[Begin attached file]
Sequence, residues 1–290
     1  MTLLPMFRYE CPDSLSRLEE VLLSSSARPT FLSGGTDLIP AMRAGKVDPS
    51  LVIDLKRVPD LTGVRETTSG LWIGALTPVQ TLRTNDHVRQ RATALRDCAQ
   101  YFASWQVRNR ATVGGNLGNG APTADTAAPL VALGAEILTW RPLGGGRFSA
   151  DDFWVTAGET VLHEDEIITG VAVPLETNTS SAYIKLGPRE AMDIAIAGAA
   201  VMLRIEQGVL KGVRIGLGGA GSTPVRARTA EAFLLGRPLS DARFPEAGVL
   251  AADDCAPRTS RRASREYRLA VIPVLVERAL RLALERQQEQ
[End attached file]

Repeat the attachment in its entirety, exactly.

Sequence, residues 1–290
     1  MTLLPMFRYE CPDSLSRLEE VLLSSSARPT FLSGGTDLIP AMRAGKVDPS
    51  LVIDLKRVPD LTGVRETTSG LWIGALTPVQ TLRTNDHVRQ RATALRDCAQ
   101  YFASWQVRNR ATVGGNLGNG APTADTAAPL VALGAEILTW RPLGGGRFSA
   151  DDFWVTAGET VLHEDEIITG VAVPLETNTS SAYIKLGPRE AMDIAIAGAA
   201  VMLRIEQGVL KGVRIGLGGA GSTPVRARTA EAFLLGRPLS DARFPEAGVL
   251  AADDCAPRTS RRASREYRLA VIPVLVERAL RLALERQQEQ